Wednesday, July 24, 2013

Intellectual property and genes

More on intellectual property:

Advocates of tough intellectual property rights say that this is simply the price we have to pay to get the innovation that, in the long run, will save lives. It’s a trade-off: the lives of a relatively few poor women today, versus the lives of many more women sometime in the future. But this claim is wrong in many ways. In this particular case, it is especially wrong, because the two genes would likely have been isolated (“discovered,” in Myriad’s terminology) soon anyway, as part of the global Human Genome Project. But it is wrong on other counts, as well. Genetic researchers have argued that the patent actually prevented the development of better tests, and so interfered with the advancement of science. All knowledge is based on prior knowledge, and by making prior knowledge less available, innovation is impeded. Myriad’s own discovery — like any in science — used technologies and ideas that were developed by others. Had that prior knowledge not been publicly available, Myriad could not have done what it did.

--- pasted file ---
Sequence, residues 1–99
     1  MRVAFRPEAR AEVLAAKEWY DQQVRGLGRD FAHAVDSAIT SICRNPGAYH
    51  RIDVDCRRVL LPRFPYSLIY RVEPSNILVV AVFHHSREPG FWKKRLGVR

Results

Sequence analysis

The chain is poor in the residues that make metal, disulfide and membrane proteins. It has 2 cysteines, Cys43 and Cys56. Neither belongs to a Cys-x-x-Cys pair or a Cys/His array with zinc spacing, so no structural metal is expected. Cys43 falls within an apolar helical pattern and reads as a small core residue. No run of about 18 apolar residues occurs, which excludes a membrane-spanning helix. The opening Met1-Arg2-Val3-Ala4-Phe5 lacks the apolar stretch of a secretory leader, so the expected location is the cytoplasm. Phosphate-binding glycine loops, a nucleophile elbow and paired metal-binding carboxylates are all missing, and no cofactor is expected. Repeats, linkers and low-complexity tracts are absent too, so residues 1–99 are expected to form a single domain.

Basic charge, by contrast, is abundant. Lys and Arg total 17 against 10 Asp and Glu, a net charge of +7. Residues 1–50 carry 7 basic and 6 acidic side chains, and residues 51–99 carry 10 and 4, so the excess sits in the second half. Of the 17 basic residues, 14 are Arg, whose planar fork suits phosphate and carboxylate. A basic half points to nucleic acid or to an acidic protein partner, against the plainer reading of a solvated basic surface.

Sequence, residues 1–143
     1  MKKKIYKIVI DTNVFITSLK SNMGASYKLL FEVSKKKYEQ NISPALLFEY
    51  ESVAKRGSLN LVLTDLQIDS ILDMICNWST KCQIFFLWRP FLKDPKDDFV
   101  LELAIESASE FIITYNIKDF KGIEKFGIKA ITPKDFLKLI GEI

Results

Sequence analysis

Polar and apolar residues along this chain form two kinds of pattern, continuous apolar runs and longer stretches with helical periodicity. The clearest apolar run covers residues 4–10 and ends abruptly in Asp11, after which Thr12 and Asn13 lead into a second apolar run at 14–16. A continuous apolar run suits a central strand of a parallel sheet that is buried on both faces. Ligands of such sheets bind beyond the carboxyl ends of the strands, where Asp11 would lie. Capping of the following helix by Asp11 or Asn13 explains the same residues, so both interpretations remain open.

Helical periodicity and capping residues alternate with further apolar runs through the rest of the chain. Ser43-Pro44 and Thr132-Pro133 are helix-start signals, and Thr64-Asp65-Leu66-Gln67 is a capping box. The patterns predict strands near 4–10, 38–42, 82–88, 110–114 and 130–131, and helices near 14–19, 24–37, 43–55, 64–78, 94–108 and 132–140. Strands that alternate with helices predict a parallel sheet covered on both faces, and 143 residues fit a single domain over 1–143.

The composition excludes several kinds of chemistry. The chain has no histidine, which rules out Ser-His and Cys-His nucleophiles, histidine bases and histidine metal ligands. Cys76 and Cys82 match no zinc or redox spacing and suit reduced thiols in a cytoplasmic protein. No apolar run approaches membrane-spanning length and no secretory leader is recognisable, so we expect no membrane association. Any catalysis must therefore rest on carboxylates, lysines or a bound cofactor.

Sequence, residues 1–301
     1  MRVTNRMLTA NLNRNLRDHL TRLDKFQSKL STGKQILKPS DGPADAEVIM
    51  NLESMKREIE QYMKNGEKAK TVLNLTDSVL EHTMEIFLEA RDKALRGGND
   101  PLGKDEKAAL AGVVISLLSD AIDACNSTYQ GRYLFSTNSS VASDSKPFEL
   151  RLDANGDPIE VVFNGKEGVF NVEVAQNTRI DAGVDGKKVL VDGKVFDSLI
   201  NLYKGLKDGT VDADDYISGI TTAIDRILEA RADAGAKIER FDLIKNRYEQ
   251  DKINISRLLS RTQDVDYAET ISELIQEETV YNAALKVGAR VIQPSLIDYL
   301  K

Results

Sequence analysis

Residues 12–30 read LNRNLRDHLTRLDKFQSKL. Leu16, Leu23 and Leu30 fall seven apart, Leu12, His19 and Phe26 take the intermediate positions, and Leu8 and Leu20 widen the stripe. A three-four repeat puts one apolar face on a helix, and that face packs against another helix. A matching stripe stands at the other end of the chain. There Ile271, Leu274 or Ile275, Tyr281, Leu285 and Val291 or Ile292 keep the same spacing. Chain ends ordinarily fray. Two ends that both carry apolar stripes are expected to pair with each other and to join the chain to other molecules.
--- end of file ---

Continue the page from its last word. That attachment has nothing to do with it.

I think that this is one of the themes of intellectual property arguments; the advocates claim that the huge positional benefits of these policies (in generating revenue for incumbents) are necessary to encourage progress.  But it makes all sorts of tough assumptions, like incumbents will deploy these resources to encourage social benefit. 

One thing that makes a lot of sense is to look at times and places that showed evidence for fast growth and innovation.  It seems that tight trade guild rules, for example, seem to be anti-correlated with fast progress on industrial or technological progress.  That should be a cautionary note.

And, as Mark has carefully noted before, there isn't a binary choice here between massive intellectual property protection and no intellectual property protection.  There are some pretty reasonable middle ground positions that are less extreme than the modern regime but still protect the rights of private discovery.  Nor should we entirely rule out government funded research programs -- these can be much less expensive than the private sector (see the NSF, for example) but still ensure that innovation is not under-supplied. 

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